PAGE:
Robin Hood, oh Robin Hood, robbing the rich, to keep out of the hood.
And is he good? Oh is he good? Is this the right question to ask.
He may be the only vigilante who doesn’t wear a mask.
Who prefers a laugh, not so good with a staff, and then again,
a hero who actually accepts help from his friends.
Unheard of. This word love. Before there was a Marian around.
Light turquoise, pastel aqua, gold trimmed, shimmering gown.
Her Robin may be a wanted man, but that smile she wears is criminal.
Her power over him subliminal, in almost every single way, but minimal.
But would he be the Robin Hood he seems, if he let her steal his show. I think no.
Feathered arrow through the heart of a bent bow. Bouncing apples in the pale palms
of kids in costumes. Filling up the room, full with so many not so tiny voices.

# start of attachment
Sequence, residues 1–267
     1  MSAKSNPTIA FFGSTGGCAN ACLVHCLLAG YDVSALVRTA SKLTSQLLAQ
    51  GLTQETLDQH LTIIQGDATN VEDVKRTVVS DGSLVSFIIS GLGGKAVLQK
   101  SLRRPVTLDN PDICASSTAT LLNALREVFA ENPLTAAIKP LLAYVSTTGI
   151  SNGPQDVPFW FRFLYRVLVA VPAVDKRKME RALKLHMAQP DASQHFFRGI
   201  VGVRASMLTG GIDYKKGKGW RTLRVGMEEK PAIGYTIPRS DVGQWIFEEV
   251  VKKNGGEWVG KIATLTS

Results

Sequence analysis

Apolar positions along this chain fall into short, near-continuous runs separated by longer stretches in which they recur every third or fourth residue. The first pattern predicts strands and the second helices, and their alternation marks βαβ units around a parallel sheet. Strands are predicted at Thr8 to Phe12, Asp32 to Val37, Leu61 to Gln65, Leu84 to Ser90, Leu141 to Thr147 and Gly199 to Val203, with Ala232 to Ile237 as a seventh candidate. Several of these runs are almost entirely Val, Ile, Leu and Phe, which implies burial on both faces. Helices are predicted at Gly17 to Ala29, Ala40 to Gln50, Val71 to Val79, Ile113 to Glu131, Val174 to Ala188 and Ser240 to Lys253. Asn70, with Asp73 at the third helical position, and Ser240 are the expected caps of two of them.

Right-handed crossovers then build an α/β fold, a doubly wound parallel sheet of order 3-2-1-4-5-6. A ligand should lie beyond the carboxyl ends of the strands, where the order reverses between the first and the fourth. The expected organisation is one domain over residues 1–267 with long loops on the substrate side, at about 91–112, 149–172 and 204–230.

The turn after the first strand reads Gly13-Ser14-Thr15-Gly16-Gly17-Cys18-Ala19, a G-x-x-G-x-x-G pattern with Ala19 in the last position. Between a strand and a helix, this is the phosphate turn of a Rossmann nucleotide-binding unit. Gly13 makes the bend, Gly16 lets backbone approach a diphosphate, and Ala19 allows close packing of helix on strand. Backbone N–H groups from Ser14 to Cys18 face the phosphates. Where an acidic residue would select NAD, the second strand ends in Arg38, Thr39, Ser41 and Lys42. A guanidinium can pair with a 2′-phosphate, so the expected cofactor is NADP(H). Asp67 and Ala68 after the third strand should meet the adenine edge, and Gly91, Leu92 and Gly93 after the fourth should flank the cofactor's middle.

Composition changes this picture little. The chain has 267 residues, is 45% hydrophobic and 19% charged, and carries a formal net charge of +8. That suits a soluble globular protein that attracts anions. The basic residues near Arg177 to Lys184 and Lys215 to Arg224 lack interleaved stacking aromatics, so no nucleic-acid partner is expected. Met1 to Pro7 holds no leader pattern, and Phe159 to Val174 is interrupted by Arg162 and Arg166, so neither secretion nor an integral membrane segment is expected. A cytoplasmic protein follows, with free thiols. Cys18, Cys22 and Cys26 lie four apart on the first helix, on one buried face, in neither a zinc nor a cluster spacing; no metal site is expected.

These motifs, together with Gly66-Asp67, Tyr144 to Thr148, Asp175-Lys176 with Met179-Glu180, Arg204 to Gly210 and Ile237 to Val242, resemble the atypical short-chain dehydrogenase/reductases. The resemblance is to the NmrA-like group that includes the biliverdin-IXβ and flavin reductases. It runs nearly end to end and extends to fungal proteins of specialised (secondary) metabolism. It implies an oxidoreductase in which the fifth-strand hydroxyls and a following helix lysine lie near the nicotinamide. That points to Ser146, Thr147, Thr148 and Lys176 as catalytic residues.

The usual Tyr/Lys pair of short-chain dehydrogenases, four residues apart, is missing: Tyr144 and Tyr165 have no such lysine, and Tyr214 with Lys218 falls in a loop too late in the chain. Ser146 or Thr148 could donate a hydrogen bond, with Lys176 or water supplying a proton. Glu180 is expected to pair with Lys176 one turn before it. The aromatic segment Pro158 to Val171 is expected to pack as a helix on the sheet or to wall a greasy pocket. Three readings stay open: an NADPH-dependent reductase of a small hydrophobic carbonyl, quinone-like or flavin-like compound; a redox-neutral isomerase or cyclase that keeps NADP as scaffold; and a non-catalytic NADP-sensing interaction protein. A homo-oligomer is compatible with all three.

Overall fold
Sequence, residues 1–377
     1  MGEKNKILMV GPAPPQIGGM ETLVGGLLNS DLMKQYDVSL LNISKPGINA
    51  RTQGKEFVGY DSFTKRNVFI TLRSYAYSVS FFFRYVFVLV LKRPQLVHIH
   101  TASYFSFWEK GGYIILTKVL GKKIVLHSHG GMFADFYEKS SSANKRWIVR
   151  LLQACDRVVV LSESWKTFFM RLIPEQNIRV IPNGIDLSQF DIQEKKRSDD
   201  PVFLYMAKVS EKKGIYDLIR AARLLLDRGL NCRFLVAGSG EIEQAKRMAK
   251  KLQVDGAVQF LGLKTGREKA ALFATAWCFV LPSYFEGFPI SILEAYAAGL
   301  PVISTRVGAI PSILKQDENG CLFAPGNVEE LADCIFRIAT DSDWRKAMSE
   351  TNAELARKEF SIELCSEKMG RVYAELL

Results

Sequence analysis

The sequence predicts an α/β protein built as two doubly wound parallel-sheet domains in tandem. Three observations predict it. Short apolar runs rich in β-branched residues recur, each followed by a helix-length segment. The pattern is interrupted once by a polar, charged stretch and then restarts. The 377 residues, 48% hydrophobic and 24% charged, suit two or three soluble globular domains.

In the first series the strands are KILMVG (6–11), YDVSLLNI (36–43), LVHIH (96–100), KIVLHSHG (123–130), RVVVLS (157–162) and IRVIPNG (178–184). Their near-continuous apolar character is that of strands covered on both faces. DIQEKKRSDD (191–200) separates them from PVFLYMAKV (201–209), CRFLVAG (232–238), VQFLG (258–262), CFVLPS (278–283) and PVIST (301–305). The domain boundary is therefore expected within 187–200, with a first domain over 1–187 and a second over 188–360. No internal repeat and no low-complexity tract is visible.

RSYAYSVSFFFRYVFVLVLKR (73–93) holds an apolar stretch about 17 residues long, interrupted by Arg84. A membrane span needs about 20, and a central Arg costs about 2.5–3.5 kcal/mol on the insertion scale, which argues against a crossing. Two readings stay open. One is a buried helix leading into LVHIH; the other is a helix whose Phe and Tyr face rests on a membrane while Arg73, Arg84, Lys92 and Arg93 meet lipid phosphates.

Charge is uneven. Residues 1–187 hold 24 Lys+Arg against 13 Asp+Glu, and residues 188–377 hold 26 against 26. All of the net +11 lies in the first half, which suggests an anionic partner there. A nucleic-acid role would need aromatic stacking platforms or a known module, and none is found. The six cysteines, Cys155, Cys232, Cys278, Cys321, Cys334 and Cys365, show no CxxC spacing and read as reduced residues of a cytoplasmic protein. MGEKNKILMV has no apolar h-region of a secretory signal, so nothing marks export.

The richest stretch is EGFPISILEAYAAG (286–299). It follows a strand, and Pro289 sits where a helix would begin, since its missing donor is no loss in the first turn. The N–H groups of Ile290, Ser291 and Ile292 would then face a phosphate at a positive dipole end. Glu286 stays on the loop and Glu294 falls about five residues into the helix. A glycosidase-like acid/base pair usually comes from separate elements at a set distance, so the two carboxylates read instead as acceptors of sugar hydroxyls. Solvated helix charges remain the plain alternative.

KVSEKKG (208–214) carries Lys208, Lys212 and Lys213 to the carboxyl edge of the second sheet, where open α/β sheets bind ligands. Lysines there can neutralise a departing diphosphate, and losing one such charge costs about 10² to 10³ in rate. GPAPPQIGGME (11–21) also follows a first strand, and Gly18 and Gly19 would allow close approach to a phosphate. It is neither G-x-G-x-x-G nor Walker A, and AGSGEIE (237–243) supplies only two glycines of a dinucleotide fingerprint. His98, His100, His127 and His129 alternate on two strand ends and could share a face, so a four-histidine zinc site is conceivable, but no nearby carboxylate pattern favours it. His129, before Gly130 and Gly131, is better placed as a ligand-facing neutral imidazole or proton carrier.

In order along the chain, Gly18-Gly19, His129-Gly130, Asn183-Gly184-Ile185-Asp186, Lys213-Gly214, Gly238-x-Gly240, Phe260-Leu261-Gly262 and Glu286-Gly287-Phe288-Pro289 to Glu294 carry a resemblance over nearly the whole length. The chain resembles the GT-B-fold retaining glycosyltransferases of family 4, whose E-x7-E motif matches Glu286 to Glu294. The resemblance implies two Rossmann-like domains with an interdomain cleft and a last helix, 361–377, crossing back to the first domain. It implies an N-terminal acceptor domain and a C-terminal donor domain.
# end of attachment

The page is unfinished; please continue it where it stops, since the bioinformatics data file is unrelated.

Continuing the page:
These people lined up in chairs, seated, are afraid of all our choices.
They fear our volume. They fear the light. They fear to be on stage at night.
Actors do not have these fears.
The merry inhabitants of Sherwood do not share their tears.
We are fighters, and delighters, and inciters and even fools.
We are not led by Robin. Because we are not led by rules.
And if he ever forgot. If he took a step down the path of prideful Prince John.
If ever there was an if, when Robin fancied himself sheriff.
Then we would rob him good. Robin Hood.
Who has never been as real, as his call to steal,
what was already rightfully owned by us anyway.
So if nothing else. Not another word, if, from me, you’ll hear no more,
then let me go ahead and tell you the great lesson hidden
in the blessing I stole from this old faded English fable.
Be glad. Be merry.
Smile until your face is sore.
And no one, not Kings or Princes,
not even the meanest Lady Merle in the world,
can rightfully call you poor.